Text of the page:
Study Finds People Who Nap Regularly Have A Higher Risk For High Blood Pressure And Stroke

If you love curling up on the sofa for a midday nap, you'll probably be disappointed to learn that napping may not be the healthiest activity. A recent study published on July 25 in the American Heart Association's Hypertension journal revealed correlations between regular napping and a greater risk of high blood pressure and stroke. The study analyzed the sleeping habits and health of 358,451 people. Researchers linked daytime napping frequency to increased blood pressure, hemorrhagic stroke, and ischemic stroke, which is the form of stroke associated with regular napping. 

To differentiate between ischemic and hemorrhagic strokes — the two types of strokes — a hemorrhagic stroke occurs when bleeding in or around the brain area prohibits brain function. Ischemic stroke occurs when the blood vessels that transport blood to the brain are either blocked or clogged (per MedicineNet). "Many people who take naps may do so because of poor sleep at night," Michael Grandner, a sleep researcher from the Banner-University Medical Center who was not involved in the study, told CNN. "Poor sleep at night is associated with poorer health, and naps are not enough to make up for that." 

The study found that frequent daytime napping is most harmful to people under the age of 60. Regular napping can increase their risk of high blood pressure by 20%, compared to peers who infrequently or never nap during the day.

Importance of sleep hygiene

Sleep hygiene is essential to reduce the risk of many health conditions. Per the Centers for Disease Control and Prevention (CDC), disrupted or lack of sleep can lead to an increased risk of chronic diseases, like obesity, diabetes, heart disease, and depression. These conditions, alongside others, are linked to premature death. Ensuring you're getting enough sleep is critical for your health and longevity. Each night, the CDC recommends that adults get a minimum of seven hours of sleep.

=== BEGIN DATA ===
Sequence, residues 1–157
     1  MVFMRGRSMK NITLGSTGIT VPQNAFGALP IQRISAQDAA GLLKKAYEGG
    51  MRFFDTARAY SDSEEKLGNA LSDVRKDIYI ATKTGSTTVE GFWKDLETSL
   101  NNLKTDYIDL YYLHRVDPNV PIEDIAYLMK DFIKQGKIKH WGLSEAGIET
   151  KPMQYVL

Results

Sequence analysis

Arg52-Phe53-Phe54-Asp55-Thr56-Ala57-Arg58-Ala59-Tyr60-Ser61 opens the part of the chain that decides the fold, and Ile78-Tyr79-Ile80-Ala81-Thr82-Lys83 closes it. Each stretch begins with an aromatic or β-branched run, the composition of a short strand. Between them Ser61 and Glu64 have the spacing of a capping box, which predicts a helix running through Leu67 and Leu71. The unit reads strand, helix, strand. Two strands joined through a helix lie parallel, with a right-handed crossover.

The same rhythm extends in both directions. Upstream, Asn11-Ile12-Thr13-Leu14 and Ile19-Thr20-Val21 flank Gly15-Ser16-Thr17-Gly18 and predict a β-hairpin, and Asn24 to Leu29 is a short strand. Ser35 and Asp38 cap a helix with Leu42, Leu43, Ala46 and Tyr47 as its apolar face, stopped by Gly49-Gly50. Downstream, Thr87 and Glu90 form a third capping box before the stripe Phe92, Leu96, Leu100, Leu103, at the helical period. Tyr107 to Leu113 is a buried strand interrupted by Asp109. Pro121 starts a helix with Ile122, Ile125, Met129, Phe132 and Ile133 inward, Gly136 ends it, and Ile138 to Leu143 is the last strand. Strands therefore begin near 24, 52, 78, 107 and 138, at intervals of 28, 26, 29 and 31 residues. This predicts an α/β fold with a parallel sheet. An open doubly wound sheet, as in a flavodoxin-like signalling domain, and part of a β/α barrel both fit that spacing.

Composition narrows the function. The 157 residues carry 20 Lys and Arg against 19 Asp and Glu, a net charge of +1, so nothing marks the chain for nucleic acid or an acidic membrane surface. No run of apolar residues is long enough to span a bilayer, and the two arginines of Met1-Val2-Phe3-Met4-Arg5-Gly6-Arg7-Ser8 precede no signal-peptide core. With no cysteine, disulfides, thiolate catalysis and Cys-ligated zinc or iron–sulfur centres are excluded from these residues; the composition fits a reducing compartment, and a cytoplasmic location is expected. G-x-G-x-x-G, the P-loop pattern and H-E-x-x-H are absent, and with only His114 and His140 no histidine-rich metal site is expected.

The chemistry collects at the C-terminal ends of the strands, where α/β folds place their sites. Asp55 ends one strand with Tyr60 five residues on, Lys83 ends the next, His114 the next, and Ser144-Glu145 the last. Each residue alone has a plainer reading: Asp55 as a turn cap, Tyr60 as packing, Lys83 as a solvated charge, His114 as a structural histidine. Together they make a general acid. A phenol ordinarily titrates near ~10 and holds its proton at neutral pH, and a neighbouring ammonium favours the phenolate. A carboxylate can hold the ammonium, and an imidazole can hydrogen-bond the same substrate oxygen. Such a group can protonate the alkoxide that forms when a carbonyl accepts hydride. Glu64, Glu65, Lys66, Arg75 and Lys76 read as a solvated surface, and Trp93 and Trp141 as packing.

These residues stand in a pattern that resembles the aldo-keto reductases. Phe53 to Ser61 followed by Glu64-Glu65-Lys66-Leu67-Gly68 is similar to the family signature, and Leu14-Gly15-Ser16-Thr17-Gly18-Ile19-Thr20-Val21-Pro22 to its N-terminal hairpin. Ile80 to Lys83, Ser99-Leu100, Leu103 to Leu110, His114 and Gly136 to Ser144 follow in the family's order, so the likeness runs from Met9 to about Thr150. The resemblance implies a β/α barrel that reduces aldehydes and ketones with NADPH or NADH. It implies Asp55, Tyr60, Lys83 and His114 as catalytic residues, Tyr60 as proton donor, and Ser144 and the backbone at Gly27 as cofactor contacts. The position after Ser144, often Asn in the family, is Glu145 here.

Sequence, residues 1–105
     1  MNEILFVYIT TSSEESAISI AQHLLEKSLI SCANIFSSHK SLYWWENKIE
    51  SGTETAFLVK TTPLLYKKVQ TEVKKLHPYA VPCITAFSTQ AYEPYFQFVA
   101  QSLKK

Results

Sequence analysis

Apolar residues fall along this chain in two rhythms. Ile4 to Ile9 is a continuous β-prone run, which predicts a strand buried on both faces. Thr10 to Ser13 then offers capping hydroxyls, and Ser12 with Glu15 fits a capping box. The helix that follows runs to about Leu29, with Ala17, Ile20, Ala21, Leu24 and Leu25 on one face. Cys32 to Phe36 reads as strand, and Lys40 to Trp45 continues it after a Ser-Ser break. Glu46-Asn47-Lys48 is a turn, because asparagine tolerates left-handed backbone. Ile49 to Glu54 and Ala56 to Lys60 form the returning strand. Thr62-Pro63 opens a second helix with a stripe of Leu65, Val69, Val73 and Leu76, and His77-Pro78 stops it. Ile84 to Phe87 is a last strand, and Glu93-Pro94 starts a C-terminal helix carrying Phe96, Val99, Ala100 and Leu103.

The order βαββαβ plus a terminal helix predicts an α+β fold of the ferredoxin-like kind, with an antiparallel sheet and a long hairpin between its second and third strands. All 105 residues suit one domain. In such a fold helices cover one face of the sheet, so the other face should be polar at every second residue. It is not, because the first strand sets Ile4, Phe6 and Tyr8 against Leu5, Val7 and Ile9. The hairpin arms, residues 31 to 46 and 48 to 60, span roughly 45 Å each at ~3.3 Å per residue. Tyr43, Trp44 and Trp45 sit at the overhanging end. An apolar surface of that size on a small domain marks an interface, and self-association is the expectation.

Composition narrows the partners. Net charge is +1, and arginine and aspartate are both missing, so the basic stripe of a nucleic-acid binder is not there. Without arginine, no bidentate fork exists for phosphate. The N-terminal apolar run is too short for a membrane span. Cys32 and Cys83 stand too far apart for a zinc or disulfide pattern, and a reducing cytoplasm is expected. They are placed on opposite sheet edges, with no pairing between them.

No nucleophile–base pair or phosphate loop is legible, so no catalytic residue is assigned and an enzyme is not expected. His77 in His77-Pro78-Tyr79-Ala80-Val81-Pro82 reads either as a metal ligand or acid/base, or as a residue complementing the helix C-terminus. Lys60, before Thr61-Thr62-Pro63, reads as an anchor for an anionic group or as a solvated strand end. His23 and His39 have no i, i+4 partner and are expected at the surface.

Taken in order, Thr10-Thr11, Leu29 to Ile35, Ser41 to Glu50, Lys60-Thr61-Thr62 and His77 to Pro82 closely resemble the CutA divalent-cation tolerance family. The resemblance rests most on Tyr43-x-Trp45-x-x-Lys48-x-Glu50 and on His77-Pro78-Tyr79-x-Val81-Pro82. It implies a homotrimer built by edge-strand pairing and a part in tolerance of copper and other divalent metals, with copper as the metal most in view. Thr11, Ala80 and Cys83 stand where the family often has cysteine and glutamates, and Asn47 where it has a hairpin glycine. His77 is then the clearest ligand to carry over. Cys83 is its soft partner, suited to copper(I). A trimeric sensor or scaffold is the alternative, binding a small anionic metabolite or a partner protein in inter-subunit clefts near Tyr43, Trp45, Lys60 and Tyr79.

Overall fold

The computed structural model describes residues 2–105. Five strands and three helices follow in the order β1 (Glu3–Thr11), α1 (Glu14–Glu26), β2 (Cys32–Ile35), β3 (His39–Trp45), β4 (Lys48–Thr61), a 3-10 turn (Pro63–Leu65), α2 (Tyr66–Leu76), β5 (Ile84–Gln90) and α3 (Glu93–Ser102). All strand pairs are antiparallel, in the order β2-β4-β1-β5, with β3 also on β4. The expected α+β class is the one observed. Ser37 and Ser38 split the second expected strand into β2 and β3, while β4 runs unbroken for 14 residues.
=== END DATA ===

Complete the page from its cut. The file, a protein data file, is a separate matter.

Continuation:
Getting enough sleep at night will keep the urge to nap during the day at bay. This is where good sleep hygiene and positive habits come into play, which can sometimes be tricky in today's modern world. Tips for achieving quality sleep include not drinking caffeine before bed and sticking to a consistent sleep schedule that involves going to bed and waking up at the same time each day (with variations of no more than 20 minutes from day to day). Eliminating light — especially blue light — from your bedroom can also help, which means leaving your phone and other electronics in another room while you snooze (via American Sleep Association). 

If you're unable to fall asleep, don't remain awake in bed for more than 10 minutes. Instead, engage in a calming activity or simply try sitting in a chair in a dark room until you feel tired. Most importantly, avoid daytime naps — they not only disrupt your sleep schedule but also come with health risks.